He returned to Broadway theatre to star in Side Man, McCarthy's version of the play won a Tony Award for Best Play in 1999. In 2003 McCarthy was set to guest star in two episodes of Law & Order: Criminal Intent. Due to bad relations with actor Vincent D'Onofrio, series creator Dick Wolf decided against it. Wolf later stated, "Mr. McCarthy engaged in fractious behavior from the moment he walked on the set." McCarthy fired back in a statement of his own saying, "I was fired because I refused to allow a fellow actor to threaten me with physical violence, bully me and try to direct me." Despite this incident, he later guest starred in an episode of Law & Order: Criminal Intent (with Chris Noth, not D'Onofrio) that originally aired in November 2007. In 2004, he played Dr. Hook in Kingdom Hospital. He appeared in five episodes of the now-cancelled NBC television series E-Ring. In 2008, he starred in the NBC television series Lipstick Jungle as a billionaire, but was eventually cancelled, and had a minor role in The Spiderwick Chronicles. He is ranked #40 on VH1's 100 Greatest Teen Stars of all-time list. McCarthy recently directed several episodes of the hit CW television series, Gossip Girl, including Touch of Eva in the fourth season. McCarthy is also known for an incident at the 2013 Comic Con Philly event, where his security staff assaulted "Skippy," a popular YouTube character, who was attempting to photograph the Mannequin actor at the time. In 2010 and 2011, he appeared in the hit USA show White Collar; he was praised by several critics for his performance in the episodes. He returned to the series in the next season to direct the episode "Neighborhood Watch". In 2015, he directed 3 episodes (ep. 11, 13 & 16) in season 2 of the NBC hit television show The Blacklist starring James Spader and Megan Boone. In 2016, he starred in the short-lived ABC drama The Family.

Travel writing

McCarthy became a travel writer, and is currently an Editor at Large at National Geographic Traveler magazine. In 2010, McCarthy was escorted out of an underground church in Lalibela, Ethiopia, for entering the site without documentation. He had been in the church on assignment for the travel magazine Afar. A book written by McCarthy, The Longest Way Home: One Man's Quest for the Courage to Settle Down, was published in 2012. In February/March 2015, National Geographic published his account, entitled "A Song for Ireland", of his return to the house in the townland of Lacka West in the parish of Duagh in County Kerry in Ireland from which his greatgrandfather John McCarthy had emigrated in the late 1800s.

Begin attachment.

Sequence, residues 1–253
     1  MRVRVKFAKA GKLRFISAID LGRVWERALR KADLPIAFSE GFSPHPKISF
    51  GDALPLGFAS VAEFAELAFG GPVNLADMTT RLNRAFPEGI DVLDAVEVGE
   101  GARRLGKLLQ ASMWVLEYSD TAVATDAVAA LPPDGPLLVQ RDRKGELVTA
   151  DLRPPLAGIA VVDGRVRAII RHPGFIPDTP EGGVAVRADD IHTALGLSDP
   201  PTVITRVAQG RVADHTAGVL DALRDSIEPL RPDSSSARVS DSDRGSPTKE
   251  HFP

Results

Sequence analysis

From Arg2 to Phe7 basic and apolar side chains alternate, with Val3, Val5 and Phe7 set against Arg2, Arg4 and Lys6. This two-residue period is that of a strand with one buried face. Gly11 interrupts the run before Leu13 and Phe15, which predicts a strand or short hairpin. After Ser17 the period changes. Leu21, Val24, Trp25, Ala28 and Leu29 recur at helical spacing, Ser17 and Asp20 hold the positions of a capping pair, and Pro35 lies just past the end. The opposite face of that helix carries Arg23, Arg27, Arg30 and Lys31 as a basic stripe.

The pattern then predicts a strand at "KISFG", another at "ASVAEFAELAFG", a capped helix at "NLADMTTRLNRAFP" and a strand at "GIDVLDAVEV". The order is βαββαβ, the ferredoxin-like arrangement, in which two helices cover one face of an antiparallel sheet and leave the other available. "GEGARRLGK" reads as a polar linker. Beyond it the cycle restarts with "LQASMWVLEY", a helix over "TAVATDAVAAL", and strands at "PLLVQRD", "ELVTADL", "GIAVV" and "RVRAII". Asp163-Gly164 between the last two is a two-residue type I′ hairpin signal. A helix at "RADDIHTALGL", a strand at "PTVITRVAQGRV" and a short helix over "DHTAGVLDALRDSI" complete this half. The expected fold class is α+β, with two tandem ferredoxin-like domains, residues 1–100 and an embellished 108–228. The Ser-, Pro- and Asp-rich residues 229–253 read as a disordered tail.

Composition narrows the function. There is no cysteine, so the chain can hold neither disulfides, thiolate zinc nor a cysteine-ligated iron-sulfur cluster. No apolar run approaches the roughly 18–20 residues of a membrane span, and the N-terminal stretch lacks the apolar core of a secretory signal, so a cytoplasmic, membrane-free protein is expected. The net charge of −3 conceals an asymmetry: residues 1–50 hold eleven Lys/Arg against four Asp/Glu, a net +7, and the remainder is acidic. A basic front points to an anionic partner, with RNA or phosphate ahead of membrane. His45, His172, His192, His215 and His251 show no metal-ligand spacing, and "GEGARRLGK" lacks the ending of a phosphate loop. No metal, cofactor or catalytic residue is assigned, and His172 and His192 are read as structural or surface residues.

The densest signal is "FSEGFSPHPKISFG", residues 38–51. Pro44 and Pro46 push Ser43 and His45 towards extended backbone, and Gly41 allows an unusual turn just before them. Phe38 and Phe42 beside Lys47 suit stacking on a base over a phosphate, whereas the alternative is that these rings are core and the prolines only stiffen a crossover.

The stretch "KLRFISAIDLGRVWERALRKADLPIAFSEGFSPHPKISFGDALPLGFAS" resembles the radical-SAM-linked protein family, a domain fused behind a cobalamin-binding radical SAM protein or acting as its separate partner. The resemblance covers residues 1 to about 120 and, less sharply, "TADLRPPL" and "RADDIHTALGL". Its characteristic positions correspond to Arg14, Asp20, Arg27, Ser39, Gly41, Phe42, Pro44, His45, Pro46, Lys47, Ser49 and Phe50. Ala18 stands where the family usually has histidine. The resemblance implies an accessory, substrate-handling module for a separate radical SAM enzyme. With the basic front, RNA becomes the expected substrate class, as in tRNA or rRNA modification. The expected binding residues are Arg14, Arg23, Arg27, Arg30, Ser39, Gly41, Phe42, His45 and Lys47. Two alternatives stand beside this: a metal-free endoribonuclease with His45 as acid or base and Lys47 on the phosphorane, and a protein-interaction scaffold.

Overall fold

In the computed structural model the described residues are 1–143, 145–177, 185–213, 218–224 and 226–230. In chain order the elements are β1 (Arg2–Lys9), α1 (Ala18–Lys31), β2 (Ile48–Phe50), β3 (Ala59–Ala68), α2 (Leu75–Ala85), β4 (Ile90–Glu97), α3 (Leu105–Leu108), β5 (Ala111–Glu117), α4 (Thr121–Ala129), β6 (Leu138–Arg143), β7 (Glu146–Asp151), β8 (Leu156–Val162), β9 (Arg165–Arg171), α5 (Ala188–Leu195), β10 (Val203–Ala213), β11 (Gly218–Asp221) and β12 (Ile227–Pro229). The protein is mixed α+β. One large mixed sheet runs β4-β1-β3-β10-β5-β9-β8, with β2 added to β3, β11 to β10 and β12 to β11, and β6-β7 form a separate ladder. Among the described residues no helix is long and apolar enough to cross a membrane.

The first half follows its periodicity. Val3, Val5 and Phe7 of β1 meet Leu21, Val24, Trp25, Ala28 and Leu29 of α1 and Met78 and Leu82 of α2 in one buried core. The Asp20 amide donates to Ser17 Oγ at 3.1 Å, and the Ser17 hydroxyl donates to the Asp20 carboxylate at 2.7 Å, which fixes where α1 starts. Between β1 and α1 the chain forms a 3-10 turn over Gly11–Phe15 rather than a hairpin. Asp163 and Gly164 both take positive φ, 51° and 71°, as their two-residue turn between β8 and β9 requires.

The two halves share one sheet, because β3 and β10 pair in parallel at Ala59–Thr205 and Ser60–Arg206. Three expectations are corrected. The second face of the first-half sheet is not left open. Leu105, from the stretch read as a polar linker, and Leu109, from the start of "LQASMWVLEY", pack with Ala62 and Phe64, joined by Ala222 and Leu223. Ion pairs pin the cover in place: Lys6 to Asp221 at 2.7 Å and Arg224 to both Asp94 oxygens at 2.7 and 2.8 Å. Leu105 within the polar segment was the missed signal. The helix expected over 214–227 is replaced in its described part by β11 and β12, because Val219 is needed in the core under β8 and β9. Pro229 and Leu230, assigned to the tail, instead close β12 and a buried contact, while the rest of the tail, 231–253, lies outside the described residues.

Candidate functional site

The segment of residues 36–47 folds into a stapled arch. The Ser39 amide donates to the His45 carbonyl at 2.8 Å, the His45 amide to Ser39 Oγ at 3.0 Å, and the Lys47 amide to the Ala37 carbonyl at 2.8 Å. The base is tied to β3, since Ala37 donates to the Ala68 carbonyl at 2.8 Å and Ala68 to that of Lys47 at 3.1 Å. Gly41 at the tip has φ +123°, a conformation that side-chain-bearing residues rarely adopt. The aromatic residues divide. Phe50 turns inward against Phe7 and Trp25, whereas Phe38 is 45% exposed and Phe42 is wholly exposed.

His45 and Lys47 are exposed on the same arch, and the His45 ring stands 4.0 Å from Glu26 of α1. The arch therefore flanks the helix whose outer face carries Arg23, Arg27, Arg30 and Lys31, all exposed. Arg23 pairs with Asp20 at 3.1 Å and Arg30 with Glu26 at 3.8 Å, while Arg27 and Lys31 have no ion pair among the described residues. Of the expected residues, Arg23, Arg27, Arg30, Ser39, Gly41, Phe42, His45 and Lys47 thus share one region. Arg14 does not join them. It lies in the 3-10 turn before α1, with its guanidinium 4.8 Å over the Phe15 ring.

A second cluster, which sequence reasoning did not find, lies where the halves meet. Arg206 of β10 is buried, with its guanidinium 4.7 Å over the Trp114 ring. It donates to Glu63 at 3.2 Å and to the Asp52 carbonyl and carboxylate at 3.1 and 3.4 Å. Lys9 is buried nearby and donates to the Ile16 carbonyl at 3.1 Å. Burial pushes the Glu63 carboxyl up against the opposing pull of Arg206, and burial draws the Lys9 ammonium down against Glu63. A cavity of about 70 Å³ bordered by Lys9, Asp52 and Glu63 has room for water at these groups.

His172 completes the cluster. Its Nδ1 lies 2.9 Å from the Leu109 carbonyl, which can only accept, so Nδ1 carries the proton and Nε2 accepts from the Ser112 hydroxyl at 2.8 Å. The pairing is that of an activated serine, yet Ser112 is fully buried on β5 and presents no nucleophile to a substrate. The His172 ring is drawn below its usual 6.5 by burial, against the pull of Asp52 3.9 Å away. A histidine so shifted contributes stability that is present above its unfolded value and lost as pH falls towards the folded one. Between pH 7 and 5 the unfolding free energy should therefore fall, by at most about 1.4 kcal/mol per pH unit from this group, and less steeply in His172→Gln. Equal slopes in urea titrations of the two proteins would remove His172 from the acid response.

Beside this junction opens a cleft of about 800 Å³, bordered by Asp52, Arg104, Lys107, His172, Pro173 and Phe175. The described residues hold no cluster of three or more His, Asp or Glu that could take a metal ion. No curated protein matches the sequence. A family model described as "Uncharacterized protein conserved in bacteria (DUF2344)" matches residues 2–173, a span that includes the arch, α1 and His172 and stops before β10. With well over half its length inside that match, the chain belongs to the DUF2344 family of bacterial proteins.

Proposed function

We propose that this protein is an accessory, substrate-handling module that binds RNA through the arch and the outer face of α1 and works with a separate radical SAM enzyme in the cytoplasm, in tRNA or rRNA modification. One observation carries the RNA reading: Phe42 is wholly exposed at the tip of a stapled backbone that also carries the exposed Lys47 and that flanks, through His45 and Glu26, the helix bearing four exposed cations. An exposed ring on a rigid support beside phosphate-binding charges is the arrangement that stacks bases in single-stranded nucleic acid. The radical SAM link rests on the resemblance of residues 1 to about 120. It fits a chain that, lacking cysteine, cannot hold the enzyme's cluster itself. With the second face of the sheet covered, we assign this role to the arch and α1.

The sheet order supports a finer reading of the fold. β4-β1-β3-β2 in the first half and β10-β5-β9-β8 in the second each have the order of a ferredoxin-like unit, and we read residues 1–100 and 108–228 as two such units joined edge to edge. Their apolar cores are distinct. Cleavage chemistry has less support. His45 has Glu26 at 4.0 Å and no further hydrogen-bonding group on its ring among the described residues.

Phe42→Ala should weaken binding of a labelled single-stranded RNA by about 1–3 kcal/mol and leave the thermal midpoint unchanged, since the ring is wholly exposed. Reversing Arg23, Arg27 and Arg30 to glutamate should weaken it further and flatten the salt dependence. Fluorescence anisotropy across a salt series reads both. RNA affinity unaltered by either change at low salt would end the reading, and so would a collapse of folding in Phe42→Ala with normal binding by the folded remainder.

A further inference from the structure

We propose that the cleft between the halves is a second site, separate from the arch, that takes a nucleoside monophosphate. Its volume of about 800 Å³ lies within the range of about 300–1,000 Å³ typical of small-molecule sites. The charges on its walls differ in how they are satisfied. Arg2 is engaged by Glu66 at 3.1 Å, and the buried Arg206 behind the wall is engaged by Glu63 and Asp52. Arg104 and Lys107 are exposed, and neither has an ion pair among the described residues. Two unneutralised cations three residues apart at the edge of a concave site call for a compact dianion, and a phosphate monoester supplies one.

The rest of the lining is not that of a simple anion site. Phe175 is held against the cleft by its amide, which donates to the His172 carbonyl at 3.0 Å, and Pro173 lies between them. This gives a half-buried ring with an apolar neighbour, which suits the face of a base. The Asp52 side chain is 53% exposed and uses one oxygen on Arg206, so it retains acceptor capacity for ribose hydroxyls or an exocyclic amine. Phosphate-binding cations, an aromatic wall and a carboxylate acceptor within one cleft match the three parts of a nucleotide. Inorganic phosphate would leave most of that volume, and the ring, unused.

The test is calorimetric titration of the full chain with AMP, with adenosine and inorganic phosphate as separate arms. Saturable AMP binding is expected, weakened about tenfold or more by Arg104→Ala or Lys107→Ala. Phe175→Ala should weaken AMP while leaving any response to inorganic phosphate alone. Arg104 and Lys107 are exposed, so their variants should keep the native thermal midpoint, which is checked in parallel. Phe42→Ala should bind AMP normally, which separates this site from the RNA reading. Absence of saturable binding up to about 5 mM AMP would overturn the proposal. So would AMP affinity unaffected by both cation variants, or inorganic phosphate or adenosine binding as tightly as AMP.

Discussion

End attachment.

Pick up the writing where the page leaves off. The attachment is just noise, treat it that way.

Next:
Personal life

In 1992, he entered a detoxification program and has been sober since. In 1999, McCarthy married his college sweetheart Carol Schneider 20 years after they first dated. He later stated his reasons for tracking her down after they had drifted apart: "I ran into someone who said they had seen Carol and her boyfriend and they seemed really happy, and for some reason it bothered me for a week. I called her and asked her if she was really with this guy and asked her out for coffee." In 2002, Schneider gave birth to a son, Sam. The couple divorced in 2005. In 2004, he announced that he once had a serious alcohol problem, which began at age 12.

On August 28, 2011, he married Dolores Rice. They have a daughter, Willow. In September 2013, it was announced that the couple were expecting their second, and his third, child. McCarthy mentioned on "Good Day New York" on March 29, 2017, that his third child is a two-year old son.

Awards and nominations


  • 1987: Won, "Best Actor" – Mannequin
  • Sedona International Film Festival

  • 2005: Won, "Best Short Film" – News for the Church
  • References

    Andrew McCarthy Wikipedia